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Mexican Navy to Shepherd Sailors

Frequent news reports on the so-called Mexican drug war has dampened enthusiasm for travel south of the border at a time when the Mexican economy is already struggling. But the government is determined to re-establish confidence, especially among boaters.

Mexico’s new patrol vessels are virtually identical to those used by the American Coasties.

© 2009 Aaron Turpin

Earlier this summer, it was announced that the Mexican Navy has greatly enhanced its search and rescue (SAR) capabilities, with the funding of a new base at Ensenada. The group’s personnel have been trained by the U.S. Coast Guard, and their commanders all speak English. In addition to new SAR-equipped helicopters, their purpose-built vessels — which are almost identical to those used in near-shore waters by U.S. Guardsmen — are capable of speeds up to 50 knots.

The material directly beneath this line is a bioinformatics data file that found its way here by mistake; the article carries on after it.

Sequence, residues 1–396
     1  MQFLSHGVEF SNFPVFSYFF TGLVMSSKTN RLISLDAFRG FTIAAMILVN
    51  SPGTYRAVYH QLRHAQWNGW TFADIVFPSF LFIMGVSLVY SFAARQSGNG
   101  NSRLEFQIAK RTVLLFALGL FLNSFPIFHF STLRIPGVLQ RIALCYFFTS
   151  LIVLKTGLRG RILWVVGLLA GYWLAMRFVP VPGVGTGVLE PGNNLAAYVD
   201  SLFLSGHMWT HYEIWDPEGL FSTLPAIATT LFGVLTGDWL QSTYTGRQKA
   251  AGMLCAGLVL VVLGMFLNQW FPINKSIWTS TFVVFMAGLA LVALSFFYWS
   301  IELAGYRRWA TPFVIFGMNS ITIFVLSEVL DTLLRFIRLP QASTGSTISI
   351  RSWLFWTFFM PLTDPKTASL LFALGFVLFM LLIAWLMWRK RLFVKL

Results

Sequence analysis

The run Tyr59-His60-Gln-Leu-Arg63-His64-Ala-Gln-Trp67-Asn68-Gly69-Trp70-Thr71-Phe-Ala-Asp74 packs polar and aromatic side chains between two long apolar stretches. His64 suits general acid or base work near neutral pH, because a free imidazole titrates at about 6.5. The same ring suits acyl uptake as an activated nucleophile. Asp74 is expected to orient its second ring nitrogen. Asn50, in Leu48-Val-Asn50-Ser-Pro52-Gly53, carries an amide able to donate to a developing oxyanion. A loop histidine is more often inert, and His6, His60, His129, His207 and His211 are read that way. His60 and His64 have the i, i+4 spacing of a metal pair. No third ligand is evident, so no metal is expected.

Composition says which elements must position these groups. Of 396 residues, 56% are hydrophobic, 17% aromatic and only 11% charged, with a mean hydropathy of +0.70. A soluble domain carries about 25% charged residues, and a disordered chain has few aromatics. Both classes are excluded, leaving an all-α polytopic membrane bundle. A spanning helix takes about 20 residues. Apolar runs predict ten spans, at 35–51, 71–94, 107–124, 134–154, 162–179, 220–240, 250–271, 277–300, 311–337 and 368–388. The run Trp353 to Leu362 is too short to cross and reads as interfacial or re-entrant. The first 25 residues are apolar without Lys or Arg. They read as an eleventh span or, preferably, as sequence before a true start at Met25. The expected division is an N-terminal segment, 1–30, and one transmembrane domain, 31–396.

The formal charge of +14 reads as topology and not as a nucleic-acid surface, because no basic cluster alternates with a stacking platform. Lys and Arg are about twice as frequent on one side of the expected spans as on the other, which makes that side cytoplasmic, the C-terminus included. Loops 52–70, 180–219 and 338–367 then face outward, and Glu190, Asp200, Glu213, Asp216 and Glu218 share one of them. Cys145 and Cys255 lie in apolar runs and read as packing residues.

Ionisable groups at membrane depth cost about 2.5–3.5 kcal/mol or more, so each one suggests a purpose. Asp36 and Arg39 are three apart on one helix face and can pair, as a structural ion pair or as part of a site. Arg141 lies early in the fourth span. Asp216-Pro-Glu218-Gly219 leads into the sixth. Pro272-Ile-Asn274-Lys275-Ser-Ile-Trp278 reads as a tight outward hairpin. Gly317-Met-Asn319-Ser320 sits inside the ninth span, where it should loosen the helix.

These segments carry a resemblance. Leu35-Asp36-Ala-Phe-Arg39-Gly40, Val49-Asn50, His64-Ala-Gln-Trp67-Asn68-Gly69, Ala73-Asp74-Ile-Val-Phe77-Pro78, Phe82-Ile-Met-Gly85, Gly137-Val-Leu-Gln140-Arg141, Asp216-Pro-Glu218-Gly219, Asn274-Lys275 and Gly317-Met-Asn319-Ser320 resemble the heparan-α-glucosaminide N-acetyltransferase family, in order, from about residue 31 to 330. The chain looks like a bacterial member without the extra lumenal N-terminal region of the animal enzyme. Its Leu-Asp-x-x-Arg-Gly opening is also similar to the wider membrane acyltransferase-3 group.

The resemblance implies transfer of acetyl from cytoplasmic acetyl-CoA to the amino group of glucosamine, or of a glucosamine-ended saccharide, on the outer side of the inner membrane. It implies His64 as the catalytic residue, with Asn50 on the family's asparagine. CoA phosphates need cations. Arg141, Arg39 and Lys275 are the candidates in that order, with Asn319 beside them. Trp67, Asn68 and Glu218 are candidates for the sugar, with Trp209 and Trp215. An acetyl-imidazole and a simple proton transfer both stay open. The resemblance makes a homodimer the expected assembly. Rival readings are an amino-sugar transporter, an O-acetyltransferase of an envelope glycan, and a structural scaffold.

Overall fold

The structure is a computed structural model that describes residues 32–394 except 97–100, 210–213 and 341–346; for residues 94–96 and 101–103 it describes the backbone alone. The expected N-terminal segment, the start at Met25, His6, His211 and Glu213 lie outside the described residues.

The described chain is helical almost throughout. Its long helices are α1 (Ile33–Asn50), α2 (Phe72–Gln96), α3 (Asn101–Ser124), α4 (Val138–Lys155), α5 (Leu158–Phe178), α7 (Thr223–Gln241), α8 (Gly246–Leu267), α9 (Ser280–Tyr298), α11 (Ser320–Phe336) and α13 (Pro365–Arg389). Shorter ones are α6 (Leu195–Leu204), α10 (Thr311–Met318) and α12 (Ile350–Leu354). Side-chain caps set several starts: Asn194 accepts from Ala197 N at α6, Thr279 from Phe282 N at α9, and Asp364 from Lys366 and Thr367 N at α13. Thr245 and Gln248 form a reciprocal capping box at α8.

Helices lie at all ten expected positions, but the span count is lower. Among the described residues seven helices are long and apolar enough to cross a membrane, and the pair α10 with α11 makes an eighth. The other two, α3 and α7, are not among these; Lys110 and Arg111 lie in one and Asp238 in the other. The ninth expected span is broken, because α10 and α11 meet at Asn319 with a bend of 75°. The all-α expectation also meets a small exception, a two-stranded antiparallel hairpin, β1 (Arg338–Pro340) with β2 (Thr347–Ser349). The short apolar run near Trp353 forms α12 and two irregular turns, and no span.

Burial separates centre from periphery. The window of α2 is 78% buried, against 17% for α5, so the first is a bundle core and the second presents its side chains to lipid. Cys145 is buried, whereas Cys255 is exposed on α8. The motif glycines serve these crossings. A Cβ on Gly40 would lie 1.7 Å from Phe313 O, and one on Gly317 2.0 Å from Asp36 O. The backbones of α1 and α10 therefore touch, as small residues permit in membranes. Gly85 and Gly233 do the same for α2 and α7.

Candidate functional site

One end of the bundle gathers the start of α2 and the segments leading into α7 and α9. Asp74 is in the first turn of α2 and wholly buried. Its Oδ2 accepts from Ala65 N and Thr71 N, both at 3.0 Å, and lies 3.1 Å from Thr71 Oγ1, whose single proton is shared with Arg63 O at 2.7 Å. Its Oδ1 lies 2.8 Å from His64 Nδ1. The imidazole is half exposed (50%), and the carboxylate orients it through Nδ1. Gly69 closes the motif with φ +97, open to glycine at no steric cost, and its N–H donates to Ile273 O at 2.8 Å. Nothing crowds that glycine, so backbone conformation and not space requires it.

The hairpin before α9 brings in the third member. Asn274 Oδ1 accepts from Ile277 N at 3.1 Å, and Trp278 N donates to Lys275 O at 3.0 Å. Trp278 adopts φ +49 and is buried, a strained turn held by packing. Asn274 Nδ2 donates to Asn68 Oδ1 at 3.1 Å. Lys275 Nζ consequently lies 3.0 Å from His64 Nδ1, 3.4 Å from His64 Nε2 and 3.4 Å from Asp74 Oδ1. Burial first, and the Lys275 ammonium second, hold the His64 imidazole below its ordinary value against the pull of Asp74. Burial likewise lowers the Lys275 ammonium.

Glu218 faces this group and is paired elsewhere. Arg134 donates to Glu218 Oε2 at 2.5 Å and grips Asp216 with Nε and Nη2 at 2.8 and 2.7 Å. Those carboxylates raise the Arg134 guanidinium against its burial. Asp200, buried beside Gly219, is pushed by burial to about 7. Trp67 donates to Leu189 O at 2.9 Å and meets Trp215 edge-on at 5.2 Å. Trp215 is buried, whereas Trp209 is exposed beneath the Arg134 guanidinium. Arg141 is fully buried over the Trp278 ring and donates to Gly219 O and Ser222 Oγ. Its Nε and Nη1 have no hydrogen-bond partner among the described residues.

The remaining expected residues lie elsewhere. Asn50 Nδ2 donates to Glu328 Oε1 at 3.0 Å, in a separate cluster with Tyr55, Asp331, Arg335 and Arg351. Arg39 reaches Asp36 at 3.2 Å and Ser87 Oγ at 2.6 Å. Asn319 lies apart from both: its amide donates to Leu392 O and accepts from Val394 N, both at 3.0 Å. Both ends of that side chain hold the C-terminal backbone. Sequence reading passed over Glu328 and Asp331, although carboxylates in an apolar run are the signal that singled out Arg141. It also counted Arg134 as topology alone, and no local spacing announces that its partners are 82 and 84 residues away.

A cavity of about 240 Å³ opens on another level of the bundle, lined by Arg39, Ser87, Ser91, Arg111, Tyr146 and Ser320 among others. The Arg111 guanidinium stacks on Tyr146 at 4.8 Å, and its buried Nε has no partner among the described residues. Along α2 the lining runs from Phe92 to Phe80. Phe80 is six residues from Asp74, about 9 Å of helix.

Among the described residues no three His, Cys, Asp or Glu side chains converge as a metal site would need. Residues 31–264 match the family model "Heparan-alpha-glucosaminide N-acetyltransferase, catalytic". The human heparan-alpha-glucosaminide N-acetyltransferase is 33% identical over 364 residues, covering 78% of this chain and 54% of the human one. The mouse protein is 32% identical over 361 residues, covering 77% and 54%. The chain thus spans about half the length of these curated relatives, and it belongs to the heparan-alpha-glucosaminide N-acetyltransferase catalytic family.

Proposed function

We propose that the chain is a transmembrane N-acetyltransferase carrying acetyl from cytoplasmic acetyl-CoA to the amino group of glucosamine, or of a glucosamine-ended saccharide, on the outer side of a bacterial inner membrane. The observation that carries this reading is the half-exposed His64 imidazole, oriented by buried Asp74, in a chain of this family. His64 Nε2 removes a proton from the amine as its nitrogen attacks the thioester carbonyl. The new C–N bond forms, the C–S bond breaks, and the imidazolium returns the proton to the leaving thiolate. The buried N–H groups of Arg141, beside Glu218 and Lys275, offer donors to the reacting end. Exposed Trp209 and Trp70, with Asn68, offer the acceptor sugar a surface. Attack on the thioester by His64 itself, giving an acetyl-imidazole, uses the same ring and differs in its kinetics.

Noting that a record Baja Ha-Ha fleet of more than 190 boats will be heading south at the end of the month, Mexican authorities want all fleet members to know that the Ensenada-based unit’s primary purpose is to assist boaters in distress. The unit maintains a 24/7 radio watch on VHF 16 and can also be reached from the U.S. at 011-52-646-1-72-40-00.

Southbound travelers should also note that if you have trouble ashore in Baja, dialing 078 on your cell phone will get you connected to an English-speaking Mexican travel official whose mandate is to assist you. Elsewhere in Mexico, 911 functions as the default emergency number, and there too, dispatchers are required to know English.

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